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Editor's Note

Beyond the Field Trip

Science and Children—September/October 2020 (Volume 58, Issue 1)

By Elizabeth Barrett-Zahn

This issue of Science and Children takes us “Beyond the Field Trip,” which in our current unsettled landscape of the pandemic crisis takes on a new meaning. Initially, this theme’s focus was to highlight the learning that takes place outside of formal classroom settings and how teachers can provide supports to make the learning obtained through field trips even more potent by providing pre- and post- connections. Yet in the current COVID-19 regulated climate, we need to think about field trips in a broader sense, including virtual opportunities, at-home experiences, or on-campus school trips where we creatively provide opportunities for students to see that learning happens in many places. “Beyond the Field Trip” can be seen as a call for taking learning beyond the walls of traditional classrooms to find opportunities to engage students in meaningful learning experiences.

Many of our authors have offered alternatives and options for adapting to the new school environments of social distancing and virtual learning. To help with lesson and unit planning, read about Understanding by Design in Methods and Strategies (p. 76). Prioritizing and streamlining curriculum will allow for more in-depth learning connections, as students engage in sense making by “doing” science.

We’ve added two new columns inspired by an abundance of interest when offered as S&C themes: Cross-curricular Connections (p. 26) supports the idea of integrating learning where students solve real-world problems and create optimized solutions through curricula integration points. Start With Phenomena (p. 56) offers assistance in grounding student sense making in three-dimensional learning through the lens of anchor, investigative, and everyday phenomena.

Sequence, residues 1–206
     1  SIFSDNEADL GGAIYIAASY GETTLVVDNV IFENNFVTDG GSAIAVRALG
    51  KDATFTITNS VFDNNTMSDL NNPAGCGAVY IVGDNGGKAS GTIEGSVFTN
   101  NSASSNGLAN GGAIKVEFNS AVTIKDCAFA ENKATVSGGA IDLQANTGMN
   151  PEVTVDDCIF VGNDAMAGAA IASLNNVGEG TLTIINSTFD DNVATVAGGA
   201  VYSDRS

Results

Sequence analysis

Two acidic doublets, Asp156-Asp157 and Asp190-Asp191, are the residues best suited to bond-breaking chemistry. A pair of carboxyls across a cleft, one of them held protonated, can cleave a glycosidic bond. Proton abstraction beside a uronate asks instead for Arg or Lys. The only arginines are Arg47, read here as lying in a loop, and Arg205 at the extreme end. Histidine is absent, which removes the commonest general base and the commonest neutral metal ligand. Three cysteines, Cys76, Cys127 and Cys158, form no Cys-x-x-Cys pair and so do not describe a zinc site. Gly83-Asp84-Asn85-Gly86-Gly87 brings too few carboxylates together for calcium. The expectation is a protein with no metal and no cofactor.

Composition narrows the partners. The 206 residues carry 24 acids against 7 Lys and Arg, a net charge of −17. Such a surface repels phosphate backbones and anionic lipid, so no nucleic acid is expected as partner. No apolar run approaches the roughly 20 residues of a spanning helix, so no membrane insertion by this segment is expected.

You will also notice that we have relocated our Next Generation Science Standards connection tables to the NSTA website, where you will also find pertinent instructional details, lesson plans, and specifics for assessment. We hope these online connections will offer even more for our readers, especially during these uncertain times, to help create meaningful, student-centered learning under the safety constraints of the COVID-19 mandates.

We here at Science and Children wish you a safe and productive school year in whatever that may look like in your community or state. We are here as your resource. Please stay connected with your NSTA community for support, guidance, collaboration, and take full advantage of all that NSTA has to offer. We will continue to listen to your needs, and together we will find the best approaches to educate our children to adapt and succeed in this challenging educational environment.  

Stay healthy, stay positive..

Elizabeth Barrett-Zahn
Science and Children

Interdisciplinary Teacher Preparation Elementary

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